When is your cat hiding illness or injury?
Posted September 14, 2017
do our best to take care of our feline friends, but sometimes signs
of pain and sickness go unnoticed. Dr. Stacy Eckman, clinical
assistant professor at the Texas A&M College of Veterinary
Medicine & Biomedical Sciences, described feline behavior that
could mean an underlying health issue.
“Cats tend to hide their symptoms, which is probably due to
survival instinct,” Eckman said. “Most signs of illness or injury
are subtle, including sleeping more than normal; not getting up to
greet you, if that is normal behavior; or laying and sleeping in
the same position for long periods of time.”
Other changes pet owners should be aware of include the cat
withdrawing or being reluctant to be petted. Changes in litter
box habits and vomiting can also indicate underlying issues. In
addition, cat owners should keep an eye on their pet’s food and
water bowl; any changes in appetite and water consumption may mean
their feline friend isn’t feeling well.
Since it can be hard to notice subtle changes in your cat’s
behavior, going to regular veterinarian check-ups can help identify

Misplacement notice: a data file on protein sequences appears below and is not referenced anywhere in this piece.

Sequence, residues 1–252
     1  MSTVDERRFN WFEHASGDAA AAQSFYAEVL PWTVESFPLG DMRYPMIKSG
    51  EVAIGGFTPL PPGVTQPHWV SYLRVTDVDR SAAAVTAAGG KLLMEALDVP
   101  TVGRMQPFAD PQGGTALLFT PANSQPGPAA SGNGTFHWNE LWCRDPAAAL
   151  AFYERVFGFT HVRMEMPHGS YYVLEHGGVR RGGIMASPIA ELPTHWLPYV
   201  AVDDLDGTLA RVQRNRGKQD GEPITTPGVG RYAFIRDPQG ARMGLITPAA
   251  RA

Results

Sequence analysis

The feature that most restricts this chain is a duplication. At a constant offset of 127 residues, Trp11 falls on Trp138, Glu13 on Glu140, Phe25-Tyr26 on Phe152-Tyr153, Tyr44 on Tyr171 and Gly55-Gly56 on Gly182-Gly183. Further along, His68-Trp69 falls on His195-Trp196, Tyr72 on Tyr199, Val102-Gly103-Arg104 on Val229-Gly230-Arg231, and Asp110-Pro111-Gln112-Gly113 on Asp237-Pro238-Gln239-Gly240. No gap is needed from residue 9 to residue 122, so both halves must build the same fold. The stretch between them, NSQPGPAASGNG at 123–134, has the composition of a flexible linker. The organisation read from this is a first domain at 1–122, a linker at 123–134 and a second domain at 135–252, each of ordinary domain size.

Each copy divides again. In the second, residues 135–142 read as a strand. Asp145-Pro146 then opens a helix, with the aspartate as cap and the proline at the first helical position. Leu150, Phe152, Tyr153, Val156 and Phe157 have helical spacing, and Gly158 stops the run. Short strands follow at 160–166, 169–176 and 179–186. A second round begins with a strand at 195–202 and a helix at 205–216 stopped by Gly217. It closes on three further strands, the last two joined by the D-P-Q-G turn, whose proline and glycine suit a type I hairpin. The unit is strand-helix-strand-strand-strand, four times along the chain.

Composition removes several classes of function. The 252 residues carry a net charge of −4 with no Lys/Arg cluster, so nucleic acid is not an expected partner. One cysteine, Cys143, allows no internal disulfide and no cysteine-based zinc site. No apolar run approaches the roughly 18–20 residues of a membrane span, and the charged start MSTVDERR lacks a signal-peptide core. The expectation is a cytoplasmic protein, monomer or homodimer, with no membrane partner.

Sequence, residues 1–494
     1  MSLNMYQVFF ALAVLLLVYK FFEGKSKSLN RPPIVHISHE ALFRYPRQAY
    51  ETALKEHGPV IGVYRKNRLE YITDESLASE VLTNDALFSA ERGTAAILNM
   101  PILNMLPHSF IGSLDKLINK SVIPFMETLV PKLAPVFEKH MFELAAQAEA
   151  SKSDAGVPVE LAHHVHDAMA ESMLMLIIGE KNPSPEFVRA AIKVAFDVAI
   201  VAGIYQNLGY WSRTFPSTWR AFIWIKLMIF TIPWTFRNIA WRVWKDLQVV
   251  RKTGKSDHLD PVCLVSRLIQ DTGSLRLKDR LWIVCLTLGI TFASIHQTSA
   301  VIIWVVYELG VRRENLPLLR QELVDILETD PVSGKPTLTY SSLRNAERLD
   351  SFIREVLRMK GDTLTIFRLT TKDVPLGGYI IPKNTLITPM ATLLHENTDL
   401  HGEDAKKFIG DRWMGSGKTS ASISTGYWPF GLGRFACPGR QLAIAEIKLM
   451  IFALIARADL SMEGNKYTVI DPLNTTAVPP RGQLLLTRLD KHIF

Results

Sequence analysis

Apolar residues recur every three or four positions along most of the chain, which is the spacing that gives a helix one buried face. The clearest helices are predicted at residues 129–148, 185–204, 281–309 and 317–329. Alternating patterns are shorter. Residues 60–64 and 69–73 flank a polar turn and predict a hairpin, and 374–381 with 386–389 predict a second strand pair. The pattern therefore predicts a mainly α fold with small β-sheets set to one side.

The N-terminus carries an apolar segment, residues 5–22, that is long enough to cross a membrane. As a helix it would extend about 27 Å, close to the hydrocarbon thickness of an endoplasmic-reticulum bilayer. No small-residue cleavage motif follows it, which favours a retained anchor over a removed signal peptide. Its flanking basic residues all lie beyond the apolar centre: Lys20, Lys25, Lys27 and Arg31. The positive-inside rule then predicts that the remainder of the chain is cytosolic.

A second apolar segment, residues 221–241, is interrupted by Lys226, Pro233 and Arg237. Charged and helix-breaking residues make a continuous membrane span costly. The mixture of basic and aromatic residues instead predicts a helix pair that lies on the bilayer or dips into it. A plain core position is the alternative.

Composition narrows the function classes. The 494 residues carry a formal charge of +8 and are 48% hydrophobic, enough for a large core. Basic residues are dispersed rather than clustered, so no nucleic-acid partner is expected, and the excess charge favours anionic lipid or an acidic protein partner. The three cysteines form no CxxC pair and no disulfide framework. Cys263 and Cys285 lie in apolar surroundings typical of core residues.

illness or areas of pain and discomfort before they become a more
serious health concern.
“Your veterinarian will be able to monitor vital signs, such as
temperature, heart rate, and respiratory rate, as well as check for
weight loss or weight gain,” Eckman said.
As your cat ages, your veterinarian also may recommend
laboratory tests to identify or follow-up on any health
abnormalities, such as frequent urination or a decrease in
Overall, regular veterinarian visits are key in protecting your
cat’s health. Even if your cat seems fine, it is always a good idea
to visit the veterinarian at least once a year.
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Veterinary Medicine & Biomedical Sciences. Stories can be
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